If we do not elect a GOP president in the fall, more trouble is coming.

  19. Art says:

    This is very interesting. While Jesus’ audience may have understood that leg breaking was implied, have there any references that indicate that this is the correct interpretation? I’ve heard of nothing but the sentimental, ‘nice’ Jesus version. Any help would be appreciated.

  20. Kathleen10 says:

    and, I might add, whatever corrections must come, I personally welcome them, because they are apparently long overdue, as in the current case of women religious. I am shocked and scandalized that this has been allowed to continue unabated for as long as it has.
    There are other changes that I hope have occurred or are occurring in the seminaries as well.

  21. oldcanon2257 says:

    Bea says:

    Bring back the Inquisition and purify the Church of errors.

    I’m with you 100% on this, Bea… And we need inquisitors as holy and as sharp as Saint Robert Bellarmine, S.J.

    My nick is “oldcanon2257″, a reference to Canon 2257 in the old 1917 Code of Canon Law which mentions the official formula in the old Pontificale Romanum for anathematizing (same as the form by Pope Zachary mentioned above).

    Of course our beloved Holy Father, being the Supreme Legislator of the Church, could use it whenever he so chooses. I only wish he would use it for some heretics at least once during his pontificate. Certain “dissident” clergy (from all orders of Holy Orders) in Austria would be good candidates for the use of such formula. It would be 10 times better if the Holy Father delivered it in a dramatic manner same as seen in “Becket”. Or he could have his legate do it at the high altar in St. Stephen’s Cathedral in Vienna, have it recorded professionally in multi-angle and have it broadcasted and posted on the web. Imagine “Fiat, fiat, fiat” echoing throughout the cathedral. Imagine the dumbfounded look on the faces of liberals everywhere. Imagine the headlines in both Catholic and secular/catholic media the day after. :D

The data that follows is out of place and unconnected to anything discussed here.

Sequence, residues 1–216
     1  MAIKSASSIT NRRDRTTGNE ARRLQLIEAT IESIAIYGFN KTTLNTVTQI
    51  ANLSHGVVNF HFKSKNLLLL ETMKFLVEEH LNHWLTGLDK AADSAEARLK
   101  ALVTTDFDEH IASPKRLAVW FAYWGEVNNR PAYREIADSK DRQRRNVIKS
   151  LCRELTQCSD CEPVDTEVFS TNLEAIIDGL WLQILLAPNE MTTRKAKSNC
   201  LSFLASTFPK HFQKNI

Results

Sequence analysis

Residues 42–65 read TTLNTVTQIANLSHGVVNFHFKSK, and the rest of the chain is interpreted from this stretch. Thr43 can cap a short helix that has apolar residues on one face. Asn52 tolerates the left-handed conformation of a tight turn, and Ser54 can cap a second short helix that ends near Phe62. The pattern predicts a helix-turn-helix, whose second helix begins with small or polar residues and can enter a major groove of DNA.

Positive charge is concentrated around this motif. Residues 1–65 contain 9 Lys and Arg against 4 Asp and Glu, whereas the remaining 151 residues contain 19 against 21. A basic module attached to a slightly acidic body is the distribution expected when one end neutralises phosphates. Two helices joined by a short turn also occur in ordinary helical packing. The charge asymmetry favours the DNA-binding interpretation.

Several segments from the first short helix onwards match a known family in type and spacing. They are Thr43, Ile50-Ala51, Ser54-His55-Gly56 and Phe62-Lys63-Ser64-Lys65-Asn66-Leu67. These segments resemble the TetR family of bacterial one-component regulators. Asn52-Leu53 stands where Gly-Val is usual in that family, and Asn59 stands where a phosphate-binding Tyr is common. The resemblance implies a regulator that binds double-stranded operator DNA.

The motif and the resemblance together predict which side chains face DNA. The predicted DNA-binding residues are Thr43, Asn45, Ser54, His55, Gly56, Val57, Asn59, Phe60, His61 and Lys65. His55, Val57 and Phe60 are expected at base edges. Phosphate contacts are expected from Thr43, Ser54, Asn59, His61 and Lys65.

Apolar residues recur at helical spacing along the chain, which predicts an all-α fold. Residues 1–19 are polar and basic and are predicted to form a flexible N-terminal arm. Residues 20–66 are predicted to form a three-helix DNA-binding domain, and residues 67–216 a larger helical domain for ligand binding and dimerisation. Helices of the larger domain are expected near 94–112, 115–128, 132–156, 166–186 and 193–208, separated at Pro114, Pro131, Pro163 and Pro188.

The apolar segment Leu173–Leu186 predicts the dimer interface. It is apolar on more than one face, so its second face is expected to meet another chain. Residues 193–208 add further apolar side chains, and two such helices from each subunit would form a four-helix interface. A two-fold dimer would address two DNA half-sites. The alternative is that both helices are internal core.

22. Read Part II of Part II, Question 11 of the Summa, where Aquinas deals with heresy. Basically, heresy requires: (1) that the person start out as a Catholic. Persons who were never members of the Church who hold heretical ideas are thus not heretics by definition, even though they may be gravely in error. (2) A false opinion about a matter of faith (as opposed, say, to a false opinion about geometry or physics). (3) An adherence to error that is willful and deliberate (i.e., not the product of a mere misunderstanding or ignorance).